Protein Linked to Nerve Regeneration
A study by the Weizmann Institute in New York has uncovered part of the process that could lead to the regeneration of peripheral nerves.
Peripheral nerves are nerves aside from the brain and spinal cord. They are capable of regenerating, but do so poorly and scientists hope that if the process was better understood, nerve regeneration could occur where it has been irreversible.
Nerve cells have a cell body containing the nucleus and a long ‘arm,’ called an axon, that can extend up to 1 yard. The axons are the main conduit for nerve communication conveying electric signals to muscles or other cells, but their length make them vulnerable to damage.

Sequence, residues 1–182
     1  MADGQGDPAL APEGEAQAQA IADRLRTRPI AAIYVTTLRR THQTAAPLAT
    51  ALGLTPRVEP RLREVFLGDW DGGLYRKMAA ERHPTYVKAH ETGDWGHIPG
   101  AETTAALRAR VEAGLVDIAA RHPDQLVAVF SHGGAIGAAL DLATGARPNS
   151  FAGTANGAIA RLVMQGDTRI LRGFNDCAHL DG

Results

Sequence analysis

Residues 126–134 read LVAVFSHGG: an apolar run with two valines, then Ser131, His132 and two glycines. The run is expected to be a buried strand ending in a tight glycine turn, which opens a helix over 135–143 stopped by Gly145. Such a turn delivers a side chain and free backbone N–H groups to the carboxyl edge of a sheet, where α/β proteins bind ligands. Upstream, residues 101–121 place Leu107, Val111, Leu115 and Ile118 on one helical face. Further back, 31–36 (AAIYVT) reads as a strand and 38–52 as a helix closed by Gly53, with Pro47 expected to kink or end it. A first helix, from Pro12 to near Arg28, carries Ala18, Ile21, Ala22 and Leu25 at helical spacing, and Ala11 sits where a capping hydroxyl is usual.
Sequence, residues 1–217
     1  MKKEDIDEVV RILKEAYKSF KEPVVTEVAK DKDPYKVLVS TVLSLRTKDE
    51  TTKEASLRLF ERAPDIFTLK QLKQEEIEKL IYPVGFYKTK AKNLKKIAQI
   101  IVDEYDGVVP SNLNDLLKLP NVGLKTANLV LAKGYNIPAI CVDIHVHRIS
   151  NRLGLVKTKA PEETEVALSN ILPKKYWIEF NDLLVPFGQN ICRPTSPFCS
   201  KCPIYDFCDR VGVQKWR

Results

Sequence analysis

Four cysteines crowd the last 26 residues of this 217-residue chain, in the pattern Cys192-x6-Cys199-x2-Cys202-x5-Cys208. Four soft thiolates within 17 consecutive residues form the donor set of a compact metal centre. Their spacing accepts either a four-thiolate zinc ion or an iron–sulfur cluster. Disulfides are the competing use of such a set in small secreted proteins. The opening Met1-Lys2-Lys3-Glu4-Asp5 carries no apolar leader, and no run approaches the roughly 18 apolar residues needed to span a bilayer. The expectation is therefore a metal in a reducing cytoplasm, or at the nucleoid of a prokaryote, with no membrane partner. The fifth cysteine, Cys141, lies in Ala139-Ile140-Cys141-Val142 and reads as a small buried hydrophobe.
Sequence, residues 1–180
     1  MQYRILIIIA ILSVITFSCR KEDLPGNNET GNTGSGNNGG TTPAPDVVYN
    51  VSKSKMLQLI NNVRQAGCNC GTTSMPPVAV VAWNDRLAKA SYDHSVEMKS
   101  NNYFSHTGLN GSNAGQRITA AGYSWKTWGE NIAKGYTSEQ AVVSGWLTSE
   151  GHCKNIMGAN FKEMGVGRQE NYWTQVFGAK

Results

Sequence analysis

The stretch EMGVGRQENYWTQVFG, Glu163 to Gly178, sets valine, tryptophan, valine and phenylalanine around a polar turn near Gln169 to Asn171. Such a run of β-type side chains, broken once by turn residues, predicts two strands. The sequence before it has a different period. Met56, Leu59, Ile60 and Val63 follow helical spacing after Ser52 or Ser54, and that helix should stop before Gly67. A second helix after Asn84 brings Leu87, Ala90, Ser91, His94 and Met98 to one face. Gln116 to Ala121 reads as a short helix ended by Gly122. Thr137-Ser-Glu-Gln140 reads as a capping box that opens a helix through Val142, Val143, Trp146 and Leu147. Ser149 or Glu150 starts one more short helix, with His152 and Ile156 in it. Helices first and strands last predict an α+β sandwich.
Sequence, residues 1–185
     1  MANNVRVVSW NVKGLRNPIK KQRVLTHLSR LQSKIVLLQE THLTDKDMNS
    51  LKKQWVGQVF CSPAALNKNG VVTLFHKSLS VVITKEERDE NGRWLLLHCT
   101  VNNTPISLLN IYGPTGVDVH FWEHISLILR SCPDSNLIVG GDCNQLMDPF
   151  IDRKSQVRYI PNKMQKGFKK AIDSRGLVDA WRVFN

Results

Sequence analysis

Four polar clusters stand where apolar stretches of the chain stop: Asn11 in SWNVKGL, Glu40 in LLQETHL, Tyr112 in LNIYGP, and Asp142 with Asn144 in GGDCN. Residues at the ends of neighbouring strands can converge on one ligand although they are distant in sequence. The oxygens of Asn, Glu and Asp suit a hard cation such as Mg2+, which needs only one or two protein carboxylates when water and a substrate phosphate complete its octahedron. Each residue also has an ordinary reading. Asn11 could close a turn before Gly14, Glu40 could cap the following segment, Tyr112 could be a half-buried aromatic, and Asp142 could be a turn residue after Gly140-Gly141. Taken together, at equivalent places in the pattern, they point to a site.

A study, published in Neuron, showed that a special protein — called importin beta — is produced at the site of nerve damage in the axon. It normally resides near the nucleus of nerve cells and facilitates the entry of molecules into the nucleus along with its ‘sister’ molecule, importin alpha.
Dr. Michael Fainzilber found importin beta was produced in the axons upon injury, binds it to importin alpha and to proteins containing the ‘healing message.’ “